A human beings attachment style gets set in the first two years of life and is determined by a number of factors. The primary factor is the interaction between the infant and the primary caregiver. This interaction contributes to four attachment styles: secure, anxious, avoidant, and disorganized. I have come to realize that I have an avoidant attachment style which was formed by a relationship with my father in which I was afraid of him, and a relationship with my mother which was somewhat secure but at times questionable.
There are many components of attachment styles and one of the most significant is trust. Here's how trust plays out in attachment styles:
Secure - I usually trust that people will like me and I can depend on them.
Anxious - I never know for sure whether people will like me and I can depend on them.
Avoidant - I know that you can't depend on other people. The only person you can depend on is yourself.
Disorganized - I know people won't like me and bad things usually happen to me.
These "internal working models" IMWs, are usually unconscious. They significantly affect our relationships with ourselves and other people. Which pairings do you think might be the happiest on long term committed relationships like marriage?
Also, the client's attachment style has significant implications for work with a psychotherapist which involves developing a helping relationship. A psychotherapist must be aware and skilled to develop different relationships with clients based on the client's attachment style.
This is article #1 in a series on attachment theory.
The following synopsis comes from the school library journal posted on the Amazon web site.
The Silenced begins with Marena running late for her bus that takes her from her readaptation community to her Youth Training Facility. Classes are lead by instructors of public enlightenment and consist of recitation of Zero Tolerance Party propaganda. Stern, silent state officers patrol the halls. As the book progresses, Marena begins to remember things that she was somehow made to forget. It becomes clear to her that her father was there when the state officers dragged her mother from their home years before. As regulations tighten, she isn't sure who she can trust besides her boyfriend, Dex, and newcomer Eric. She realizes that, like her mother, she cannot remain silent in the face of state oppression. The three friends choose graffiti as their primary form of rebellion. DeVita's novel has many of the same character types and situations as other dystopic works—the enemy who has a change of heart, the unsympathetic character who nevertheless proves to be brave, and the friend who is a traitor. While readers may not find any conceptual surprises, this is a gripping read and young adults will certainly empathize with the characters' conflicts between self-expression and a desire to fit in. They will find the Zero Tolerance credo that the state's first priority must be the safety of its citizens to have a chilling resonance with statements in the news today.—Eric Norton, McMillan Memorial Library, Wisconsin Rapids, WI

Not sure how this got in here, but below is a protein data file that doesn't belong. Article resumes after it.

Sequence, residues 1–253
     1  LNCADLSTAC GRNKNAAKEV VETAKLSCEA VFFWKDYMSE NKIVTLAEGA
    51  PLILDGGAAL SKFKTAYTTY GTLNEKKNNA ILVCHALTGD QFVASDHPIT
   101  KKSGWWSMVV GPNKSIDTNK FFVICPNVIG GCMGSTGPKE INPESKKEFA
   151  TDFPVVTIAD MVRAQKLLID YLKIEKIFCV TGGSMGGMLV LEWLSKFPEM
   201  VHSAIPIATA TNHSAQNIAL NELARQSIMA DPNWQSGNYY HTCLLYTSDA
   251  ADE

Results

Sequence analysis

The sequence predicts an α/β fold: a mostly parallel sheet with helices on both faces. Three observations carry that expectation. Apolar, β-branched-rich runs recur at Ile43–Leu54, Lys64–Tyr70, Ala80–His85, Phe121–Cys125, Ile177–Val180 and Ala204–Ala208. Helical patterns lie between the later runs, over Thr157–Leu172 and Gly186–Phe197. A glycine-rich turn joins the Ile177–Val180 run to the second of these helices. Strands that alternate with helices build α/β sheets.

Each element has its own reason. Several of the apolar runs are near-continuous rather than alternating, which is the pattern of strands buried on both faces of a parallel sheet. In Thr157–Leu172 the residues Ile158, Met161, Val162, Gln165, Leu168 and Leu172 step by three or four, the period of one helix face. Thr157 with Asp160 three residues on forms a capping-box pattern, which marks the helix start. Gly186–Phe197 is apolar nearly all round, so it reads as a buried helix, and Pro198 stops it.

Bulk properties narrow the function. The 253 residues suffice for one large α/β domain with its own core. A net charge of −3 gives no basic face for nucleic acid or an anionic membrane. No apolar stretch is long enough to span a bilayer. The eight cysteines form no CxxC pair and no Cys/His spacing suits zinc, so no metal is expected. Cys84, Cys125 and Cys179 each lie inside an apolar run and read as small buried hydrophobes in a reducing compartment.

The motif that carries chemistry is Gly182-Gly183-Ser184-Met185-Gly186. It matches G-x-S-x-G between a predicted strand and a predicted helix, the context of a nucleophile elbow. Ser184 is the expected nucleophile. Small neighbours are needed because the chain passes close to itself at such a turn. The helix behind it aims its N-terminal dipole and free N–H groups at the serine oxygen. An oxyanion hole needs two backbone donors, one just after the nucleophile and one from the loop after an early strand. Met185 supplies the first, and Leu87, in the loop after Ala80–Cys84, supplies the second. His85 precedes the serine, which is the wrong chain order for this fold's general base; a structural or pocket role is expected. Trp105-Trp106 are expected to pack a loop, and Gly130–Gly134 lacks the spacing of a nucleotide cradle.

While The Silenced is marketed for grade 7 and up, many adults have enjoyed this novel by James Devita. I heard about the novel on the NPR radio show To The Best Of Our Knowledge. Having read it, I am chilled by the similarities to the Bush Administration which we have lived through in the last 8 years. I think this is an important book that all Americans read who are concerned about the direction which our country has been going in especially in the last 8 years.
I have started reading Naomi Klein's book, The Shock Doctrine, and it is one of those epiphany experiences where the light bulb goes on and I think to myself, "Holy Shit, that explains it."